These trends both contribute to and are exacerbated by a relative lack of capital for Pennsylvania entrepreneurs. For example, award funding from the federal Small Business Innovation Research (SBIR) and Small Business Technology Transfer (STTR) assistance programs remains below where it could be given the size of the state’s overall economy and its level of higher education research. At the same time, Pennsylvania has seen only modest increases in venture capital (VC) deal flow. While VC deal flow grew by 160% nationally (using a three-year rolling average) from 2009-11 to 2018-20—and by significantly more in VC hotbed states such as New York—it grew by just 98% in Pennsylvania during that time. Here, Pennsylvania is representative of several Midwestern and coastal peer states with below-average VC growth, including Ohio and New Jersey. But it lags others, including Illinois (where Chicago acts as a mini VC hotbed) and Michigan, which performs closer to the U.S. average. Moreover, Pennsylvania (reflecting national trends) saw essentially no inflation-adjusted growth in VC deal flow from 2014 to 2020.
Pennsylvania’s overall innovation challenges are exacerbated by significant geographic and demographic divides, which are representative of inequalities that exist throughout the country. While over 40% of Pennsylvania’s advanced industry jobs in lie outside the state’s largest innovation hubs (the Philadelphia, Pittsburgh, and State College metro areas), the share of advanced industry jobs in those smaller innovation communities has been in decline over the last decade. And many communities in the state, particularly those in central and northwestern Pennsylvania, saw absolute declines in advance industry jobs from 2010 to 2020.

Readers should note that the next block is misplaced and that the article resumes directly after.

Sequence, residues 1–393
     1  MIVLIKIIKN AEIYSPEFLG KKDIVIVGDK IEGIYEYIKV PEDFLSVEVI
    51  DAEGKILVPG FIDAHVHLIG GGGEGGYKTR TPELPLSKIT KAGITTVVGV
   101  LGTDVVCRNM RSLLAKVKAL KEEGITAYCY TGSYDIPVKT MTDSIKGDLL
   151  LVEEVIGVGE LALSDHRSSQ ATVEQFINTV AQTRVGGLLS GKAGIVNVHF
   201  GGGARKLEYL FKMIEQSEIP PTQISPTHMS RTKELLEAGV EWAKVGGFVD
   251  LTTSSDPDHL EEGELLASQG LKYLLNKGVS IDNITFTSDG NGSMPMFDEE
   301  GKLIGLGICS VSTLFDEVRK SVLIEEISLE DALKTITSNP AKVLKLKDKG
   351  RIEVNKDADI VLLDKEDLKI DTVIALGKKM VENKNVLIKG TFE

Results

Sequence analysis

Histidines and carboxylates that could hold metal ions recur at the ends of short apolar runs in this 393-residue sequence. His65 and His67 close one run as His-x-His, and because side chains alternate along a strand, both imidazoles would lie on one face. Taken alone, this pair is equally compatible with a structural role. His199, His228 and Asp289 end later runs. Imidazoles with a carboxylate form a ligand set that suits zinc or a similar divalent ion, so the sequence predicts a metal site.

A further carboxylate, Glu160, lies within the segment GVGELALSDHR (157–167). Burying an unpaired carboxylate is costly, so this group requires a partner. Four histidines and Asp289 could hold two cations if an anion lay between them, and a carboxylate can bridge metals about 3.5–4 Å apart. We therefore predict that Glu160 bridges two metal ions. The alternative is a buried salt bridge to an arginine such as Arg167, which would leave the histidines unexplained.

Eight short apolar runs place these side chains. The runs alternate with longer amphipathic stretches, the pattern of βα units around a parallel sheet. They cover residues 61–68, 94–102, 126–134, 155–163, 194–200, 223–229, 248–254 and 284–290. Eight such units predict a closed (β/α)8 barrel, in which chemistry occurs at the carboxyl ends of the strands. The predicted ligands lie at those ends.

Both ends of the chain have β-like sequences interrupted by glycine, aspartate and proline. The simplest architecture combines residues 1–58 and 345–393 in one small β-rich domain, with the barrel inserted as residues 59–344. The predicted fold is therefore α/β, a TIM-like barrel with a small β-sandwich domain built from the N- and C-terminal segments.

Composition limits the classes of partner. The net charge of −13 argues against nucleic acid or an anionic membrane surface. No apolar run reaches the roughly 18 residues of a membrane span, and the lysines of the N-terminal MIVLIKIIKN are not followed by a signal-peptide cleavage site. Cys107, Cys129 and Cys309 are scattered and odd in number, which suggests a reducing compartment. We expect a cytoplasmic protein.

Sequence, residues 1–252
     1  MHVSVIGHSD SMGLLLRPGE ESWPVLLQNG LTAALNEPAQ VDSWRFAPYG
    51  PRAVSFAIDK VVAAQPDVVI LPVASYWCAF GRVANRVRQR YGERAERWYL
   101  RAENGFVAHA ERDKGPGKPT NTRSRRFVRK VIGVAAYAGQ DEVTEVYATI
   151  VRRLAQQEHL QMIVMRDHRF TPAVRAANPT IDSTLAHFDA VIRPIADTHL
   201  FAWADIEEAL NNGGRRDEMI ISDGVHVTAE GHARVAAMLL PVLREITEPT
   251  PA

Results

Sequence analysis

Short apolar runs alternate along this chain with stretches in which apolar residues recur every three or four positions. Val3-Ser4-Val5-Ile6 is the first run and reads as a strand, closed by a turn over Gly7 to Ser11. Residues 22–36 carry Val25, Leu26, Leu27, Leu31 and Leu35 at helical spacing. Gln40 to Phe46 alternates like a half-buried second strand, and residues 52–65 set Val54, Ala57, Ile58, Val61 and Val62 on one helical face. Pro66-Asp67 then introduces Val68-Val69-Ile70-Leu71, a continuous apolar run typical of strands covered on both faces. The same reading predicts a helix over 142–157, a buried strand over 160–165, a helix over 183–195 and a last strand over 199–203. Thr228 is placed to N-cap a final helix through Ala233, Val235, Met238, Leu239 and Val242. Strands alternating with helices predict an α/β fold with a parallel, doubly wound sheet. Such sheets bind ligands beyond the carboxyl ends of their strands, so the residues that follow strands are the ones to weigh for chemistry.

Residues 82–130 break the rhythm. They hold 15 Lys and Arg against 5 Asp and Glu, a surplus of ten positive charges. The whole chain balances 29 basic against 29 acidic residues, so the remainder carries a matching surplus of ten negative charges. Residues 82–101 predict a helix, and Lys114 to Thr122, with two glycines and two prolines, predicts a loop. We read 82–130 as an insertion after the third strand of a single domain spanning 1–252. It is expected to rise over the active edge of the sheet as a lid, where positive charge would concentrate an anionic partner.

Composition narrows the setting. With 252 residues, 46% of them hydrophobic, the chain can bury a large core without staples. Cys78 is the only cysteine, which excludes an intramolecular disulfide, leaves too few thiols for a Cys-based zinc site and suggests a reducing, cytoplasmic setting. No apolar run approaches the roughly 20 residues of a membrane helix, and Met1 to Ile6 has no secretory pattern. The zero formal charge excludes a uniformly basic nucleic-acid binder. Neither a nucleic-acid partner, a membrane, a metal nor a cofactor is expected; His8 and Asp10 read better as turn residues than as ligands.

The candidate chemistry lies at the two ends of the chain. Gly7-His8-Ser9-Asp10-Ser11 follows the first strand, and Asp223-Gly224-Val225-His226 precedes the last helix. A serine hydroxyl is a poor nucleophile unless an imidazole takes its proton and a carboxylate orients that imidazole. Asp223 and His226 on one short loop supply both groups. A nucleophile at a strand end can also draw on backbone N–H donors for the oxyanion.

Meanwhile, stark racial and gender divides in Pennsylvania’s innovation ecosystem underscore just how far the state—and the nation—have to go to increase equity in economic opportunity. For example, STEM education remains starkly unequal by race and gender, starting from K-12 education and extending through higher education. Female, Black, Latino or Hispanic, and Indigenous Pennsylvanians are all underrepresented among STEM degree graduates. These groups face similar challenges accessing employment in advanced industry jobs, with female, Black, and Latino or Hispanic residents seeing significant underrepresentation relative to their share of the population.
These inequalities are perhaps most stark when it comes to entrepreneurship and firm ownership. Just 19% of firms with employees in Pennsylvania have majority-female ownership (while just 17% have an equal number of male and female owners). Meanwhile, only 1% of firms with employees in the state have majority-Black ownership, and just 1% have majority-Latino or -Hispanic ownership.
When it comes to solving these complex innovation challenges, there are no silver-bullet solutions. However, we propose a set of policy themes in our Pennsylvania report to bolster innovation and help regions and states achieve balanced, equitable growth. These themes include investing in both large metro area innovation ecosystems as well as smaller communities. And in addition to bolstering overall growth and closing spatial imbalances, states like Pennsylvania must also take care to close the still-significant racial and gender gaps that exist in innovation fields, beginning in STEM education and extending to advanced industry employment, entrepreneurship, and business ownership.
Given Pennsylvania’s role as an exemplification of other states and regions nationally, solutions that work there will have relevance for communities across the U.S. In that regard, Pennsylvania should be closely watched not just for its upcoming election results, but for potential innovation policy moves in 2023 and beyond—with an eye toward solving some of the nation’s long-standing economic imbalances.
This content was originally published here.